1. Roosevelt refused to intervene
    2. Germany and Italy help Franco's fascist forces to victory by 1939
    3. Neutrality laws subsequently extended to cover civil wars
  5. Neutrality Act of 1937
    1. Maintained restraints on arms sales and loans
    2. Added a "cash and carry" provision that allowed nations at war to carry U.S. goods from U.S. ports on their own ships.
    3. In Chinese-Japanese confrontation, Roosevelt did not invoke act to ensure China had access to the American munitions trade
      1. a step away from isolationism
  6. Panay incident
    1. Japan bombed and sunk an American gunboat in China in 1937
    2. American animosity toward Japan increased
    3. Isolationist sentiment still strong, but starting to weaken
  7. U.S. moves away from neutrality against Germany after the occupation of Czechoslovakia
    1. Roosevelt lobbied for public support to oppose the fascist menace
    2. Neutrality Act of 1939 favors Britain and France
    3. Americans increasingly supportive of all measures short of war to stop Germany.

The storm in Europe

  1. Blitzkrieg (spring 1940)
    1. Germany invades Denmark, Belgium, Norway, and the Netherlands
    2. France falls to Germany by June
  2. American defense
    1. Military build-up
    2. Increased defense budget
    3. National Defense Research Committee established to coordinate military research
  3. Battle of Britain in 1940
    1. Britain's survival ended threat of German invasion
  4. Increasing American involvement
    1. United States gave fifty "overage" destroyers to Britain in return for leases on naval and air bases
    2. First peacetime conscription enacted in September 1940
    3. Continued debate in America between internationalists who supported aiding Britain and isolationists who opposed risking war to help Britain

The election of 1940

  1. The candidates
    1. Republicans chose Wendell Willkie
    2. Democrats chose Roosevelt to run for an unprecedented third term.
  2. The campaigns
    1. Roosevelt presented himself as occupied with urgent defense and diplomatic matters, too busy to campaign
    2. Willkie ultimately attacked FDR's foreign policy as risking war, despite having supported Roosevelt's foreign policies earlier.
  3. Roosevelt won an unprecedented third term

The Lend-Lease Act, March 1941

  1. Countries deemed essential to American defense - such as Britain - allowed to receive arms and other equipment, even if they could not pay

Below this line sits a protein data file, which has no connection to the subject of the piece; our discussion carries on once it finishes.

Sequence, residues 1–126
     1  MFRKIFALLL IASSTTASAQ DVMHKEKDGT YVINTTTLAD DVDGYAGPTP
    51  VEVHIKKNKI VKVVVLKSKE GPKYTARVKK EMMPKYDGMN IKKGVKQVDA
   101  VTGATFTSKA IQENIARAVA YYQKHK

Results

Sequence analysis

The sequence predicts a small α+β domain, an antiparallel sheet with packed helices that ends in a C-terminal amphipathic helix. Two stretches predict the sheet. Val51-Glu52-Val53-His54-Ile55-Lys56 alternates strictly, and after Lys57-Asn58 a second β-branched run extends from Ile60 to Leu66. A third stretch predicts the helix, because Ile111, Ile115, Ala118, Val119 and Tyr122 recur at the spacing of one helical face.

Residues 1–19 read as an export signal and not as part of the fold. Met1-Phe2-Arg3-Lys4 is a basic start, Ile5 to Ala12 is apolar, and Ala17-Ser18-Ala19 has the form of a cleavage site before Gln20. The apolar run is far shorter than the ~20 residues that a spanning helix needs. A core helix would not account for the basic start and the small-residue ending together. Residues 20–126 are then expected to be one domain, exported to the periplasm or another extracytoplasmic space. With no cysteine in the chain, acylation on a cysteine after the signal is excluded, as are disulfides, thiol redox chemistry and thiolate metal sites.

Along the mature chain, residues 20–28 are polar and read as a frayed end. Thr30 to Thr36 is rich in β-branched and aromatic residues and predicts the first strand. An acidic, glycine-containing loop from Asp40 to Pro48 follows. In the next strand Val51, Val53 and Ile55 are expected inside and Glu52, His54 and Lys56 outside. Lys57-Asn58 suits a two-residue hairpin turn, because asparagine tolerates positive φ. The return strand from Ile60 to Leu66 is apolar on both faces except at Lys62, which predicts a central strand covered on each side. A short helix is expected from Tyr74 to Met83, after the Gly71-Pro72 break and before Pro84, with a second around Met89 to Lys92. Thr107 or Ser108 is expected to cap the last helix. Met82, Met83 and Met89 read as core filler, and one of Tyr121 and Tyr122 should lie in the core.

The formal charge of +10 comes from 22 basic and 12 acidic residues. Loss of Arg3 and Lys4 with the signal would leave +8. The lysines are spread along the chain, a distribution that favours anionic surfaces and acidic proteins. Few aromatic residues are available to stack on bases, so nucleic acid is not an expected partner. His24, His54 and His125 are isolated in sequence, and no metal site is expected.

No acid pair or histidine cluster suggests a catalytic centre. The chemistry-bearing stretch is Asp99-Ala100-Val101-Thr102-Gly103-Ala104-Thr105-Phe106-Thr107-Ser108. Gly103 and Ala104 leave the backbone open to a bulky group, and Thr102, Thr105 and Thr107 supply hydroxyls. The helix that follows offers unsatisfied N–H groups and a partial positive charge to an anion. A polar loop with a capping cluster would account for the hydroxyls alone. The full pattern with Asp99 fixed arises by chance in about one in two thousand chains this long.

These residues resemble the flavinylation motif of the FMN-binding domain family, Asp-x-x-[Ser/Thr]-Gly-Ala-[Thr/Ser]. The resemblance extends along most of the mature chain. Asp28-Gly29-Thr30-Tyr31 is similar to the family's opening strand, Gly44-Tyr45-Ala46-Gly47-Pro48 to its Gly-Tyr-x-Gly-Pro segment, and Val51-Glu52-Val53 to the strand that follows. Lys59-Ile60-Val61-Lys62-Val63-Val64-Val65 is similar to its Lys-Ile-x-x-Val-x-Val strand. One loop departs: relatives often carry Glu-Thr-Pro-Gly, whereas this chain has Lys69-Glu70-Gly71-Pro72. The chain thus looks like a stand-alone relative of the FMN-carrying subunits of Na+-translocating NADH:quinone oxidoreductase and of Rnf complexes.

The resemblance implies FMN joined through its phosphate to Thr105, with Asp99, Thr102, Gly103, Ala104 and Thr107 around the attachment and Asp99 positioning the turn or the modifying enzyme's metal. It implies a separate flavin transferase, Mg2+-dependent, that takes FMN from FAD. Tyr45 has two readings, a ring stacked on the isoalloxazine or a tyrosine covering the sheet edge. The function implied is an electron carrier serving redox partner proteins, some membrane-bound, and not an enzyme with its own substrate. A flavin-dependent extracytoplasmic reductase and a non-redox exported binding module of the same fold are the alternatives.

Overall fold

2. Act bypassed the legal restrictions against extending loans to countries that defaulted on earlier U.S. loans
  3. Weakening isolationist opposition failed to prevent its passage

The war's spread in Europe

  1. Italy entered the war in June 1940, but struggled in campaigns against Greece and British-controlled Egypt
  2. German forces joined the Italians and by 1941 secure victories in Egypt, Greece, as well as Yugoslavia
  3. Hungary, Romania, and Bulgaria also forced into the Axis fold
  4. Germany invaded the Soviet Union in June 1941.

Increased American support for Britain

  1. Roosevelt and British Prime Minister Winston Churchill sign the Atlantic Charter in August 1941
    1. Called for self-determination and freedom of the seas, among other things
  2. Shooting incidents, some with fatalities, between American and German ships in the North Atlantic increased after September 1941
  3. U.S. Navy began convoying merchant vessels to Iceland
  4. Congress repeals key restrictions of Neutrality Acts in November 1941

The storm in the Pacific

  1. Japanese expansion and policies after 1940
    1. Movement into French Indochina in 1940
    2. Signed Tripartite Pact with Germany and Italy in 1940
    3. Nonaggression pact with Russia signed in 1941
  2. America's reaction
    1. Froze Japanese assets and restricted oil exports to Japan in summer of 1941
    2. Organized the armed forces of the Philippines into the U.S. Army in summer 1941
  3. The Japanese position
    1. Japan was dependent on the U.S. for important supplies including 80 percent of its fuel
    2. Japanese-American negotiations to lift the oil restrictions and asset freeze stalled over U.S. insistence that Japan withdraw from Indochina and China first
    3. The American oil embargo triggered plans to invade British and Dutch possessions in Southeast Asia and the Pacific to secure new oil supplies
    4. Attacks on U.S. possessions were included in the plans to ensure U.S. Navy could not threaten Japan's access to its new supplies
  4. The United States enters World War 2
    1. On December 7, 1941, the Japanese attacked on Pearl Harbor
    2. The same day, Japan attacked the Philippines, Guam, Midway, Hong Kong, and the Malay Peninsula
    3. The U.S. declared war on Japan
    4. On December 11, 1941 Germany and Italy declared war on the U.S.